From: Kevin Steel
Sent: April 24, 2006
Subject: File No. S7-03-06

Securities and Exchange Commission

Dear Securities and Exchange Commission,

A recent rise in gasoline barrel prices and gasoline CEO's reaping massive profits has gained notice in the media of gross CEO compensation. What has not been in the news is the top hat plans that permit CEO's to deposit funds over the IRS limit without penalty and favorable over the markets rates of return on retirement NCRP's and SERP's. This strips and undermines laborers and workers in accounting, sales, Information services, and service department employees compensation and retirement benefits. Congress needs to address the unfair compensation to CEO's who use these tactics and the SEC who also allows it to go unreported.

I am writing to urge the Securities and Exchange Commission to act on its proposed rule making on executive compensation disclosure. Too often executives are richly rewarded even when their companies' performance is below par. Without better disclosure, shareholders, employees and the general public cannot evaluate whether executive pay packages are unjustly enriching executives at shareholder cost or providing fair compensation.

The newly proposed rules will make this crucial information more accessible to shareholders and the public. The new requirements to disclose total compensation figures, pensions and detailed compensation breakdowns will make it clear exactly how much top executives are earning and why.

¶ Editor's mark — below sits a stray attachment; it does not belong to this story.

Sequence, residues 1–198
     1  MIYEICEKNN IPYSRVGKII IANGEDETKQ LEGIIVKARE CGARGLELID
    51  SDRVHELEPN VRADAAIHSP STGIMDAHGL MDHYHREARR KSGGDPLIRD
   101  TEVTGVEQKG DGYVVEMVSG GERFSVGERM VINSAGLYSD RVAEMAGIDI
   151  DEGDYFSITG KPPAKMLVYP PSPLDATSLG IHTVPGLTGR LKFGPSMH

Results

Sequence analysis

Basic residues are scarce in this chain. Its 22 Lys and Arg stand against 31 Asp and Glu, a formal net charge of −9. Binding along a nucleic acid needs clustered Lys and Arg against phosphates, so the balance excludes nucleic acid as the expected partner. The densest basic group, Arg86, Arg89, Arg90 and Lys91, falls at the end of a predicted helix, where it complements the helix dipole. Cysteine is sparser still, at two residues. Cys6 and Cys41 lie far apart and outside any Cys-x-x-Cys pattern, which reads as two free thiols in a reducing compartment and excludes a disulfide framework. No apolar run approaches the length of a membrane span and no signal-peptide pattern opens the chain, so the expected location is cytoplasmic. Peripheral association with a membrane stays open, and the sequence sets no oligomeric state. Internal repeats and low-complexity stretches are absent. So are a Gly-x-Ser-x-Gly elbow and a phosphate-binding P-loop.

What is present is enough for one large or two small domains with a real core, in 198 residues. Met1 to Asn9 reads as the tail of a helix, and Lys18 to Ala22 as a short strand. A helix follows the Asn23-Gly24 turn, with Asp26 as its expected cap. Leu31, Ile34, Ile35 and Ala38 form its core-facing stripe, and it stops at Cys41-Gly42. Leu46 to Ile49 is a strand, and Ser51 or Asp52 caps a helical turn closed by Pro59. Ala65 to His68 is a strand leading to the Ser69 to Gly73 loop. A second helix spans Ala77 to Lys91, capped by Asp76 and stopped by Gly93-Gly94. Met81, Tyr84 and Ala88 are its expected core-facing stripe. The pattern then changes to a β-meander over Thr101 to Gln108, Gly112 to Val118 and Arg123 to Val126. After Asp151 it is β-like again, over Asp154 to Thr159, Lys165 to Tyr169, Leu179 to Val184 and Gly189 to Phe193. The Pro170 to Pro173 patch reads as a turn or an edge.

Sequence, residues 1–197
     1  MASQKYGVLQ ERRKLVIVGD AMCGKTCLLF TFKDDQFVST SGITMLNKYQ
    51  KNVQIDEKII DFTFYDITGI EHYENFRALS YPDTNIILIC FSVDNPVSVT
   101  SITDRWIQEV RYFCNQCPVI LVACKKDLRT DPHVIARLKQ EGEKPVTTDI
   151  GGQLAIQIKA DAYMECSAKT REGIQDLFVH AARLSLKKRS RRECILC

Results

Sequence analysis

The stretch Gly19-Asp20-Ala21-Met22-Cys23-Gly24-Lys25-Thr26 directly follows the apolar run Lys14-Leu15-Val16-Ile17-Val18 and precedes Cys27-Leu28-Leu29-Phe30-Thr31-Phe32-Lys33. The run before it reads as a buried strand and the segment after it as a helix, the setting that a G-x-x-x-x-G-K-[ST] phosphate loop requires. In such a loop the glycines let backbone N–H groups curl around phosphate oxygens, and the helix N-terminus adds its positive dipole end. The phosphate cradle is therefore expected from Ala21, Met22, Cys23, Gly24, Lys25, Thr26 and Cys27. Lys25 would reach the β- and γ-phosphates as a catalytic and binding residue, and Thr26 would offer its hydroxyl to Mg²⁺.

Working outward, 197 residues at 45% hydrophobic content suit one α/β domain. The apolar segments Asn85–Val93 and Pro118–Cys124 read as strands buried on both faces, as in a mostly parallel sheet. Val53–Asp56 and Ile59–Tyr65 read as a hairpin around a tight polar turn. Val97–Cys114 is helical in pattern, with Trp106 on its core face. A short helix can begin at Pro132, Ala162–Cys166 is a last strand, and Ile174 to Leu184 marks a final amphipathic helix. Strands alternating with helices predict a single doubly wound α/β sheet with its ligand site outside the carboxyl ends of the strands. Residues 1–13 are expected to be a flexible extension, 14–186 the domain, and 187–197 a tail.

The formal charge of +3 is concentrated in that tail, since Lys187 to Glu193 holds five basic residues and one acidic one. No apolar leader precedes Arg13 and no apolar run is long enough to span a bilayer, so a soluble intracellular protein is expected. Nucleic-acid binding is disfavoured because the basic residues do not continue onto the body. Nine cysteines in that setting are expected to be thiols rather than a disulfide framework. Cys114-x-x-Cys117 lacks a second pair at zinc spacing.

I believe that CEO pay should be set by independent directors.
Under the proposed rule, a director could secretly do $120,000 in business with a company, an amount that is more than four times the average worker's annual pay of $27,460. Shareholders should be told if directors have potential conflicts of interest, no matter what the amount.

I also urge the SEC to require that companies disclose pay-for-performance data. In order for investors to understand how pay and performance match up, companies need to explain more clearly what level of performance is necessary for a particular level of pay. I urge the SEC to require companies to disclose both the performance criteria and the performance targets they use when setting executive pay.


Kevin Steel
186 Lake St
Lancaster, Ohio 43130